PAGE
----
Wyner: Pulitzer for "Chiavi in Mano"

Wyner: Pulitzer for "Chiavi in Mano"
Yehudi Wyner
© Michael Lovett
"I'm thrilled, exhilarated, and I'm finding it hard to sleep." These are the immediate thoughts of our newest Pulitzer Prize winner Yehudi Wyner, whose Piano Concerto "Chiavi in Mano" won the 2006 Pulitzer Prize in Music. " 'Chiavi', " notes Wyner, "really is the culmination of a life's work. Of all my pieces, this one most comprehensively reflects the various sides of me, both the serious and the absurd." Composed during a summer 2004 residency in Italy, "Chiavi in Mano" draws influences and ideas from Bach to Mozart to jazz, and is filled with antic reversals, high spirits, deep lows, and the juxtaposition of life's extremes, somewhat in the vein of Dante's Divine Comedy. The Boston Symphony — which commissioned "Chiavi" for soloist Robert Levin, premiered the one-movement work on 17 February 2005, under the baton of Robert Spano.

Pianist Levin adds, "To me, what he delivered is a piece of vintage Wyner, rich in emotional communication, eloquence, and vehemence. I felt at the time that I had hit the jackpot, and now he has, too."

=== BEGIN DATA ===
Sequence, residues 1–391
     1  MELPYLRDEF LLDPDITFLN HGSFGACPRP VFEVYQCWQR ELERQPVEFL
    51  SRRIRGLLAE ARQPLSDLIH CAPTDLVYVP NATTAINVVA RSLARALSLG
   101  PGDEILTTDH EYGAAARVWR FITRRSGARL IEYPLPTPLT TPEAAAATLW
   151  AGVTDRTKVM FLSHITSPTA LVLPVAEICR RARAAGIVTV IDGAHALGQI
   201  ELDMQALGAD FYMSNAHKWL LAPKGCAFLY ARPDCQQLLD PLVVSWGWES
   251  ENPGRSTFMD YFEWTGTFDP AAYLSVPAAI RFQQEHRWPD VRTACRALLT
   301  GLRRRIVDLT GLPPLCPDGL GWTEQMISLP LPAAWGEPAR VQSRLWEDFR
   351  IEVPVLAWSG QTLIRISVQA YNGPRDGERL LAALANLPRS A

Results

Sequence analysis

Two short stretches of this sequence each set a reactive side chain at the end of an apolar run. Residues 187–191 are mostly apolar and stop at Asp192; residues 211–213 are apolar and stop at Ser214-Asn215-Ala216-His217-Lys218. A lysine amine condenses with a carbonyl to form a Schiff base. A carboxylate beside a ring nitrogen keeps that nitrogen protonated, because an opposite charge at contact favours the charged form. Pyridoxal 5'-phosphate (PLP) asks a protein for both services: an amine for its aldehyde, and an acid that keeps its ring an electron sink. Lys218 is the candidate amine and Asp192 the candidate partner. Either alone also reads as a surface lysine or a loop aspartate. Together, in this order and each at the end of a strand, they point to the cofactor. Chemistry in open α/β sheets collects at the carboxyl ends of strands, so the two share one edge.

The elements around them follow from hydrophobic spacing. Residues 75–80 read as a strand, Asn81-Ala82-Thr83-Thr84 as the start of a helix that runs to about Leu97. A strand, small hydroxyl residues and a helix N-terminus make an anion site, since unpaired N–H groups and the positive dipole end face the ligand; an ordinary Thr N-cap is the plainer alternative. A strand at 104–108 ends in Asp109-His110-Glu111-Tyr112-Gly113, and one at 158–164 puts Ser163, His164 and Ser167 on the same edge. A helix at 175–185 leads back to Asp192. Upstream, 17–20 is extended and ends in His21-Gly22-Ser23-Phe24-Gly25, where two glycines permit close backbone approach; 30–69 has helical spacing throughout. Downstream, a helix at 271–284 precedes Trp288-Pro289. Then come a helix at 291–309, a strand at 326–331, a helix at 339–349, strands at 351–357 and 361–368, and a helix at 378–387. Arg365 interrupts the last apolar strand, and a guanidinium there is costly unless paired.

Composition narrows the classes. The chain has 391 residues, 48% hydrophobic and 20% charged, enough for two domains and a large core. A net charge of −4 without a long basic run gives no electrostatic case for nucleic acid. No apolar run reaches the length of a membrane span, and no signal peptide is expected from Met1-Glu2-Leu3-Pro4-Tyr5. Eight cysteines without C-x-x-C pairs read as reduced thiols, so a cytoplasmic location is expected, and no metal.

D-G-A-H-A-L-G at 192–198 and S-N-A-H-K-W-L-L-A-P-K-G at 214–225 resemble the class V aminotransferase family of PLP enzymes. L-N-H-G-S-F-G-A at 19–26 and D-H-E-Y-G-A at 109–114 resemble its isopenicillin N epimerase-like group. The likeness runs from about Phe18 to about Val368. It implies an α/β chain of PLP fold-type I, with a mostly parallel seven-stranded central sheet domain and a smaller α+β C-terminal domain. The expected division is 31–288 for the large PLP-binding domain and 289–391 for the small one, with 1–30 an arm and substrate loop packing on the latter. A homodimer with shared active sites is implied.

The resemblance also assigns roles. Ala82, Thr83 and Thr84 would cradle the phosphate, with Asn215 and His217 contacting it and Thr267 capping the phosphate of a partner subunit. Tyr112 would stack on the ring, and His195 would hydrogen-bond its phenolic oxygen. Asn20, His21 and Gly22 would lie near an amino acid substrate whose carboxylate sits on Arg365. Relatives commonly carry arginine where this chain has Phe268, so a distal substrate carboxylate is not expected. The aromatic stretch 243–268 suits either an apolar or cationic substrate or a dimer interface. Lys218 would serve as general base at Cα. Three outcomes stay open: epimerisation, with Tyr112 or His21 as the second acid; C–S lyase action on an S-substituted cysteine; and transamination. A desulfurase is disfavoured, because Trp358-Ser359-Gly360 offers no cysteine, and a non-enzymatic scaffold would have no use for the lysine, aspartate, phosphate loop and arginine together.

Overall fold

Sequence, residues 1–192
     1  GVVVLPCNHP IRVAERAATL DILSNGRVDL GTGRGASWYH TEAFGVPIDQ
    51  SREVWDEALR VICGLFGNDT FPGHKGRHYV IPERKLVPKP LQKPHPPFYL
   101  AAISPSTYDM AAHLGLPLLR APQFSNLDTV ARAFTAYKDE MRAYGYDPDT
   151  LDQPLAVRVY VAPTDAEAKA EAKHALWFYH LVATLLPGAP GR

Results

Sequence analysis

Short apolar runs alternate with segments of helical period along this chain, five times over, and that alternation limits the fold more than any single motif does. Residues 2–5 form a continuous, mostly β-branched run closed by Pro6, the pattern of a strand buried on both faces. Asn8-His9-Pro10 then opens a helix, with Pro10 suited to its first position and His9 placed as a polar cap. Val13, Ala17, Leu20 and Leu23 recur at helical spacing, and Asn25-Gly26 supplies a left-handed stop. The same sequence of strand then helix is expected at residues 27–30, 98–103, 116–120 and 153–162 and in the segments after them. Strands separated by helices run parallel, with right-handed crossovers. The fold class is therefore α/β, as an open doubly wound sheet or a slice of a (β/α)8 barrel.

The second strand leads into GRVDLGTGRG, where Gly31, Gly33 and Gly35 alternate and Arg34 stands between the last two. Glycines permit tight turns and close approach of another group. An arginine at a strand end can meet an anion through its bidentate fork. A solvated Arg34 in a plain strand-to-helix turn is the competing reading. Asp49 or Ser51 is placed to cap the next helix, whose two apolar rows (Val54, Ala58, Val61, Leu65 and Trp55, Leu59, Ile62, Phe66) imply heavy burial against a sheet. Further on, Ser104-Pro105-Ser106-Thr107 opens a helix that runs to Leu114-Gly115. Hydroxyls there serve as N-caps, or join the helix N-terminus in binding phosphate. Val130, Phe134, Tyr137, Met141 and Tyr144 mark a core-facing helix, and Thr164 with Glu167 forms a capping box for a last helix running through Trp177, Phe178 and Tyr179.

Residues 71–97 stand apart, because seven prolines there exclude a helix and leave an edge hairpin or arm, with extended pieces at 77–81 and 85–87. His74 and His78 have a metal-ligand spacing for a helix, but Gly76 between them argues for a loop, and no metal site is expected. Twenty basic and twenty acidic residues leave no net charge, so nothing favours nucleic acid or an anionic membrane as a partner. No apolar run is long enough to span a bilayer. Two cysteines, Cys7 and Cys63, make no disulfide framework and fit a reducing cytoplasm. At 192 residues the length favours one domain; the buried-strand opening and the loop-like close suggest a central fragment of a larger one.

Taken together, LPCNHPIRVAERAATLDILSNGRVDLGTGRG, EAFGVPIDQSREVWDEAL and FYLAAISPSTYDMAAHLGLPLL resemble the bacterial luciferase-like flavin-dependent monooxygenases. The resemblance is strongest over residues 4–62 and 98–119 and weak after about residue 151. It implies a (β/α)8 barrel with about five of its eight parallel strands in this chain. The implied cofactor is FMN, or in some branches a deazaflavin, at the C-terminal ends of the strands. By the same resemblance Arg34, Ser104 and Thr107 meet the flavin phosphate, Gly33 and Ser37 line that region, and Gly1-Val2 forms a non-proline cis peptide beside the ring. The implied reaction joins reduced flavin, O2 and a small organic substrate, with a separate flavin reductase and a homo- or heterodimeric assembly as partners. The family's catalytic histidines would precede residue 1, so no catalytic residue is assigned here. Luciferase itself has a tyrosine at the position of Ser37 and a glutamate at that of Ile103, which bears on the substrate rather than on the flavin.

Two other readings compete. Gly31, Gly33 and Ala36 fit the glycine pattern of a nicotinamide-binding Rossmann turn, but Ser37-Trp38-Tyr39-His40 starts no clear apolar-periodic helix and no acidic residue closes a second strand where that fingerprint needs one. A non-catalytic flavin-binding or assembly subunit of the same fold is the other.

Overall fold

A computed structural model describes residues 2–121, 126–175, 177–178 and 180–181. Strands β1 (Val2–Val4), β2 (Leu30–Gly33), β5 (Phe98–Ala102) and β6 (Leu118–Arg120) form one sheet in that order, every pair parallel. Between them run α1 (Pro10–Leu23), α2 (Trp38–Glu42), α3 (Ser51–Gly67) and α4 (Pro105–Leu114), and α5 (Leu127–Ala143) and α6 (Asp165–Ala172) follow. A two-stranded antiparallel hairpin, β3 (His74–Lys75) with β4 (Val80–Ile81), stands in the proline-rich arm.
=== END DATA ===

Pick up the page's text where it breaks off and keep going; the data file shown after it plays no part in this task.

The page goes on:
Wyner — also a conductor and pianist — says that right now, "my brains are like scrambled eggs, but I must keep working." That work involves next month's concert of his Dances of Atonement, when he joins violinist Brigitte Sulem at the Marc Chagall Museum in Nice, France.
"Chiavi in Mano — the title of the concerto — is the mantra used by automobile salesmen and realtors in Italy: Buy the house or the car and the keys are yours. But the more pertinent reason for the title is the fact that the piano writing is designed to fall "under the hand" and no matter how difficult it may be, it remains physically comfortable and devoid of stress. In other words: ‘Keys in hand.'"

— Yehudi Wyner
Piano Concerto 'Chiavi in Mano'
Duration: c.20'
Piano; 2(pic).2.2.2/4231/timp.perc/str

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